Today, no training course leading to certification is 100% dedicated to the planning profession. The required skills are usually learned “on the job”, primarily through internal development. Despite this, the present and future generations of planners will need to have key competencies, both in terms of know-how and interpersonal skills. Planners will also be equipped with increasingly powerful solutions, which they will need to master but allow them to focus on higher-value tasks.
The pressure in this profession or logistics 5-10 years ago is no longer acceptable today. The reason is simple: employees’ resilience is no longer the same.
Automation is necessary to gain peace of mind because it allows you to work by exception and, therefore, to focus on the real problem.
For example, imagine a toy manufacturer with a product catalogue of about thirty references. His customer base is relatively large: he cannot work on all possible combinations. Therefore, he needs a tool that lets him know what he should focus on first. In this respect, working by exception in automation maximises the user’s efficiency.
The notion of efficiency
At the same time, you still need to be as good as possible, but with less time and investment. Take the example of a new product launch: companies conduct research, panels and invest in marketing. By choosing artificial intelligence, it is possible to group typical launch profiles based on product characteristics and the sales behaviour of previous products. AI thus facilitates the work of the planner, who gains in efficiency.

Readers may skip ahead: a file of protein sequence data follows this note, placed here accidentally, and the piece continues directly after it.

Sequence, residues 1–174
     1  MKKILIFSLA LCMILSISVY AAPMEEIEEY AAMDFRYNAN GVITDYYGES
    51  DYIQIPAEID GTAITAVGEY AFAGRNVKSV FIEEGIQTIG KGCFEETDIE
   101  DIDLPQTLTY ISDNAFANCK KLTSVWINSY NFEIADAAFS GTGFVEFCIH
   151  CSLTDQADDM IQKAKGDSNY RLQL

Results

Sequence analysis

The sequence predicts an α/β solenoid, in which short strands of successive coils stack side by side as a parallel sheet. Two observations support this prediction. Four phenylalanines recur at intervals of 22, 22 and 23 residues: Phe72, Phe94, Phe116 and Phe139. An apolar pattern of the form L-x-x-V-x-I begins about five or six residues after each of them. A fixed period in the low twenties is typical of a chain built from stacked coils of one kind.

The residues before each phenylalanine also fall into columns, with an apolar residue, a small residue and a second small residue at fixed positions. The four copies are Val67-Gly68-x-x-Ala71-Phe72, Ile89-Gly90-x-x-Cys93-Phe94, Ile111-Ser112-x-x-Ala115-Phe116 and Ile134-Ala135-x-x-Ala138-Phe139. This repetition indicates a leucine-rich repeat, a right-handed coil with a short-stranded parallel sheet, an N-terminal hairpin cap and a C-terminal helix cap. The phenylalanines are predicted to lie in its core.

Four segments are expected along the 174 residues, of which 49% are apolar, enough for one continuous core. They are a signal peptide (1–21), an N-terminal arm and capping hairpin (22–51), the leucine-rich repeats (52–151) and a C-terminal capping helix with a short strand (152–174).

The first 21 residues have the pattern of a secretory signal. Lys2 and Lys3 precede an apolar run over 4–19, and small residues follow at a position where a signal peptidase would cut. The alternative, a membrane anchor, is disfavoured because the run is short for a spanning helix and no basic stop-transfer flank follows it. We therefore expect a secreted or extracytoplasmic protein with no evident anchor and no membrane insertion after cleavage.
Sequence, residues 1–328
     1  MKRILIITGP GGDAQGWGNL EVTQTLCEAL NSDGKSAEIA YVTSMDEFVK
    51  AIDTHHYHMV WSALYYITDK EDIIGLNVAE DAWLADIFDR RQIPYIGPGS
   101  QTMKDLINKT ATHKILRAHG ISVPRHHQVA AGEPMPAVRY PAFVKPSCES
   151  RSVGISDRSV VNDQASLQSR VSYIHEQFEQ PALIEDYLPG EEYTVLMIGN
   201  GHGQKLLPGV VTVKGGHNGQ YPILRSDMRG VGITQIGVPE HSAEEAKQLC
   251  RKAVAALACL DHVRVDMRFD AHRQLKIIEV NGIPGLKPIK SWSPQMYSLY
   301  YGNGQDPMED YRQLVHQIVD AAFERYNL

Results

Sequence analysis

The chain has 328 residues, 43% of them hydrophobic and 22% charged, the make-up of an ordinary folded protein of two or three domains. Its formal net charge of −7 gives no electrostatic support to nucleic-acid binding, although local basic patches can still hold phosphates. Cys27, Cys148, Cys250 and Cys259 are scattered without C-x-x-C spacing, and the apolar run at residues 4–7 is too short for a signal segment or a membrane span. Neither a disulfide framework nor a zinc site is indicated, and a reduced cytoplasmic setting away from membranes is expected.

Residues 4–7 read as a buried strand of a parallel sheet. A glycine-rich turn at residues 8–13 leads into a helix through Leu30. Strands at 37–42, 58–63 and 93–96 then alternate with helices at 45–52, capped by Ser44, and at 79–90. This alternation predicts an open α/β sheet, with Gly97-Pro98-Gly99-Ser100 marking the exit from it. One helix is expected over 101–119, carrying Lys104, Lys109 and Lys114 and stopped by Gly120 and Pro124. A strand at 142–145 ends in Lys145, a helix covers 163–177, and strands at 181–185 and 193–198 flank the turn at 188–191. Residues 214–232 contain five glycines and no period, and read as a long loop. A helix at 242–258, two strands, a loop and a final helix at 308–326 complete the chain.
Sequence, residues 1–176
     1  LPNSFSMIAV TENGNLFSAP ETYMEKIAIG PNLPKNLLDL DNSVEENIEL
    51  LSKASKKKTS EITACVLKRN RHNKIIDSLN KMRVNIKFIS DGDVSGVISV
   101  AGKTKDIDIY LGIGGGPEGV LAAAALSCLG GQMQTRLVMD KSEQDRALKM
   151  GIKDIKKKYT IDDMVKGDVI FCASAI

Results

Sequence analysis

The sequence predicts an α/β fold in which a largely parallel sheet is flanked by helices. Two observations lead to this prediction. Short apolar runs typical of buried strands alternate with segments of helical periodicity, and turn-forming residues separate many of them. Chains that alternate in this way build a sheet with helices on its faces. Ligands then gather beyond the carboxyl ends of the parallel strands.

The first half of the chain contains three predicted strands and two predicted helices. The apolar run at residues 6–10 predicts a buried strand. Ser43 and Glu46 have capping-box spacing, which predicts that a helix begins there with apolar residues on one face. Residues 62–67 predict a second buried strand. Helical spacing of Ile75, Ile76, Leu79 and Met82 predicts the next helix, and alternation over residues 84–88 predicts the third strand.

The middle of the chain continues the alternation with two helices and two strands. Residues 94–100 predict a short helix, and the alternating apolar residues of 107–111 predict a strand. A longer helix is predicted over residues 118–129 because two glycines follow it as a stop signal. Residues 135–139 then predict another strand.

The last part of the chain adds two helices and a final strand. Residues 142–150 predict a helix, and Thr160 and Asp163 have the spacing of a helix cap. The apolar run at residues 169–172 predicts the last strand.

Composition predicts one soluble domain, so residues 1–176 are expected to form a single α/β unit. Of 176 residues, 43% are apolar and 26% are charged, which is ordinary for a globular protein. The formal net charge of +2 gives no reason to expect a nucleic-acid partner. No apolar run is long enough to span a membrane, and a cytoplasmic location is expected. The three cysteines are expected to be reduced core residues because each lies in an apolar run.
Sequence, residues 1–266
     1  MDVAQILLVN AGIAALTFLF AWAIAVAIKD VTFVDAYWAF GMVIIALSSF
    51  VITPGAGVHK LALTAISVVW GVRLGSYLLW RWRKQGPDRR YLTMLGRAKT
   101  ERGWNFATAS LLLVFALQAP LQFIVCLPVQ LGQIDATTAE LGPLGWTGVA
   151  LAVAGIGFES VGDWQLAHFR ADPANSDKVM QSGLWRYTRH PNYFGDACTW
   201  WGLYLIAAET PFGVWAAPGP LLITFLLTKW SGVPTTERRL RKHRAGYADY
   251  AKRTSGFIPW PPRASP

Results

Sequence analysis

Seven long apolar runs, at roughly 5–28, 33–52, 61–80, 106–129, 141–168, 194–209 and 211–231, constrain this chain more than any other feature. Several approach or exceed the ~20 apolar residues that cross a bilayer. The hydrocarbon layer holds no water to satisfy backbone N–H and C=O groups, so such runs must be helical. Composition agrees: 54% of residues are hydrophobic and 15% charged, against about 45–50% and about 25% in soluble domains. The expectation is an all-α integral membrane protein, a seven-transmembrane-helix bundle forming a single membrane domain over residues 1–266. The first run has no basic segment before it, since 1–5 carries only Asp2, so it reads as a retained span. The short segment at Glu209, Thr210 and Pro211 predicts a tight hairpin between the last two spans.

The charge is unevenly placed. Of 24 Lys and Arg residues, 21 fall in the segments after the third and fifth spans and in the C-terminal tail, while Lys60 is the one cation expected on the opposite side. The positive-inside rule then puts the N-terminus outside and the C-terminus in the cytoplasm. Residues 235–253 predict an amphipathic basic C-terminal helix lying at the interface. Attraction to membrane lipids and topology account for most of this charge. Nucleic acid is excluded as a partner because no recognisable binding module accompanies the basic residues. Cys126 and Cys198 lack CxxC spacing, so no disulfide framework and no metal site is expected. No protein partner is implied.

In the medium term, men and women will occupy the planner’s function equally. The evolution is already underway, with parity being built up, at the same time as logistics, in general, is no longer burdened with clichés.
Companies that rely on digital for their supply chain stand out; they are more competitive and agile. Planners must embrace digital to become more efficient and give their companies a competitive edge.
The forecaster is at the crossroads of :
- The trade functions
- The marketing functions
- The finance functions
- The production functions
Thus, as a central point in a logistics chain, they must be able to communicate with everyone: talk about turnover with sales, the number of pieces with logistics, a product family with production, a product launch with marketing, etc. Therefore, the planner must work on different levels of detail: products, customers, and timing. He can thus focus on forecasts and then synthesise all the analysis to pass it on to management so that it can make the right decisions.
Artificial intelligence and robotisation will be essential levers in the work of tomorrow’s forecaster or supply chain planner. The planner must therefore take the data in hand now and be interested in all it can bring.
The multiple competencies of the planner, linked to its constant evolution, show that a global vision is essential. The choice of a digital solution that embodies these trends is therefore essential.
A multi-module S&OP tool, COLIBRI allows you to manage your Sales and Operations Planning from A to Z, to plan, simulate, compare, and make the right decisions according to your objectives. Colibri not only meets the needs of the supply chain business but also projects users into the future to ensure that it can evolve to meet their changing practices and challenges. So, with Colibri, you fully embrace the benefits of S&OP and ensure that you are always one step ahead! Got a project? Do you have a question? Contact us!